Student Q meets Students needs. 99.9% of all college students have cell phone

Text messaging is one of the main reasons students have been switching their computing and communication needs over to their phones. According to Hanley’s research, 97 percent of the students he surveyed used text messaging as their main form of communication. According to Ball State University Study.  The data supports the value proposition of Student Q. A virtual waiting line management system that notifies students when its there turn through text messages or LCD displays. No more standing in long lines with Student Q.

Repproduced from the Daily Nebraskan

Over the last few years, the image of students talking, texting or e-mailing on their phones in between classes has become increasingly common on most college campuses.Watch All Girls Weekend (2016) Full Movie Online Streaming Online and Download

And this trend doesn’t show any signs of slowing down.
A new study performed at Ball State University found that 99.8 percent of college students now have some kind of cell phone, and that smart phones are accounting for more of their electronic communication and computing needs than ever before.
The study was conducted by Michael Hanley, director of Ball State’s Institute for Mobile Media Research. Hanley began the study in 2005, and examined the phone usage of 5,500 students over the course of 11 surveys.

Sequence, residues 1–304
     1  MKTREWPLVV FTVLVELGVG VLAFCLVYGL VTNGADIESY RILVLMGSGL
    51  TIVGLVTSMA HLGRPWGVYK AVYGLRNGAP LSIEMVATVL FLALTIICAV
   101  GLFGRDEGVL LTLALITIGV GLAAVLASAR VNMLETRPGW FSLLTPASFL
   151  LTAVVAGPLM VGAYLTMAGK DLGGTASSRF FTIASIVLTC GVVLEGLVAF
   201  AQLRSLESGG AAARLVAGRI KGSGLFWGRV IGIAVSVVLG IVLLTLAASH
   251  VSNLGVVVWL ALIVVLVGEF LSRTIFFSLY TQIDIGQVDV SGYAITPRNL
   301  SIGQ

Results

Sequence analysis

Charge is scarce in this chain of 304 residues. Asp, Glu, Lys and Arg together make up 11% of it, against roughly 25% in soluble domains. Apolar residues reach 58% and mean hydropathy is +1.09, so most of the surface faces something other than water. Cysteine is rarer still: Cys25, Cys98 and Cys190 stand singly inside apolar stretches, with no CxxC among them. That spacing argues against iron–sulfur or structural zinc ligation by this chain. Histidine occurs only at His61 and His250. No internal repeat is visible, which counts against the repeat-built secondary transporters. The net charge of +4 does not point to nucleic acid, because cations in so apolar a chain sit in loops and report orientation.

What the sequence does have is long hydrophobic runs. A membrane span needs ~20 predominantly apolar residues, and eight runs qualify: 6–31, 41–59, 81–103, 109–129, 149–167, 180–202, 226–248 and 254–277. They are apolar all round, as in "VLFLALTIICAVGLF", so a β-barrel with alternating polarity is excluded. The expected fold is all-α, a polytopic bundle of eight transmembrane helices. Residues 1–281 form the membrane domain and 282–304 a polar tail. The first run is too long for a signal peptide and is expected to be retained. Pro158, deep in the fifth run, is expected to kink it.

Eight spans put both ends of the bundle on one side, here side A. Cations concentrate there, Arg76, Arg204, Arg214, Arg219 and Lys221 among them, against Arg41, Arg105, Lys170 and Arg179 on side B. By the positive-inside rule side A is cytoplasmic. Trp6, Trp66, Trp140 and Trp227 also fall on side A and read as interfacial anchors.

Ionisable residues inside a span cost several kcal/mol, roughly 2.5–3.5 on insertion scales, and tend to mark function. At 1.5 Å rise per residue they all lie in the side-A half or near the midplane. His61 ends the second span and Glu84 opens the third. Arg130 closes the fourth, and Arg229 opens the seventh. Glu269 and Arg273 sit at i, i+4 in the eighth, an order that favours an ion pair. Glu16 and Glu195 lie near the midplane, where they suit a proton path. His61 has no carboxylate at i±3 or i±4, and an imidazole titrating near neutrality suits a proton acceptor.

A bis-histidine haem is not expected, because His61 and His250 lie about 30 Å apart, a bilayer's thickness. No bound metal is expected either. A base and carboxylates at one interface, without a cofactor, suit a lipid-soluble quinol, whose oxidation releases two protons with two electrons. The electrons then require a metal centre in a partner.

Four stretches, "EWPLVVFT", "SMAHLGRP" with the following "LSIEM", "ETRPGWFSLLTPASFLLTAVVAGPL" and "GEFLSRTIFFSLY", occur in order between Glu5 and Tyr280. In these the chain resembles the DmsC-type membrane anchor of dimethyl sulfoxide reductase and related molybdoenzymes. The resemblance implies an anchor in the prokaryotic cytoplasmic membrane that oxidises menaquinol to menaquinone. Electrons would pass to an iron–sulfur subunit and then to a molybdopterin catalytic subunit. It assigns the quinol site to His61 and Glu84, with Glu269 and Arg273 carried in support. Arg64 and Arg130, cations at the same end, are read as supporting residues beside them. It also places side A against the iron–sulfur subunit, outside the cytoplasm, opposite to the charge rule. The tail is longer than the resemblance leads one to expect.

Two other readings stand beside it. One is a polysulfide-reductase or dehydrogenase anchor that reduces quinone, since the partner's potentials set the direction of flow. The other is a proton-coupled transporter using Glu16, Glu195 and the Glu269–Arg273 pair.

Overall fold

Around 30 percent of the students from the survey also used e-mail of some kind, and 25 percent use instant messaging. And with smart phones allowing people to access these services from their phones, computer usage has been dropping even more.
“In the few years since instant messaging leaped from the computer to the cell phone, a new mobile lifestyle has evolved for college students,” Hanley said. “And except for studying, the computer is quickly being left behind.”
Jennifer Knust, a senior accounting major at the University of Nebraska-Lincoln, said she uses her phone for nearly every method of communicating with people, even websites like Facebook.
“You can pretty much do everything from your phone now,” Knust said. “And it’s right there with you all the time so there’s really no reason to use a computer for stuff like that.”
Students have also been using phones to meet their Internet needs as well, with nine out of 10 students who have smart phones regularly accessing the Internet from their mobile devices according to the Ball State study. And with web-based games and social media being available through phones, Hanley said computers are losing many of the services students used to need them for.
But cell phones aren’t totally replacing computers for everyone. Brandt DeVries, a junior restaurant and tourism management major at UNL, said he uses his smart phone for e-mailing and quick trips online, but he doesn’t see it fully replacing his computer.
“It’s handy and all but it’s also really small,” he said. “You can’t multitask on a Blackberry and it’s not like you could write a paper on one of these or anything.”
Although the smart phone is king of college student technology right now, Hanley said that might not always be the case. Just like smart phones have replaced computers, new devices like the iPad could take over for phones.
“College students are the first to adopt new types of communication technologies,” Hanley said. “I think the iPad and similar devices may change the way they communicate yet again as the technology evolves.”

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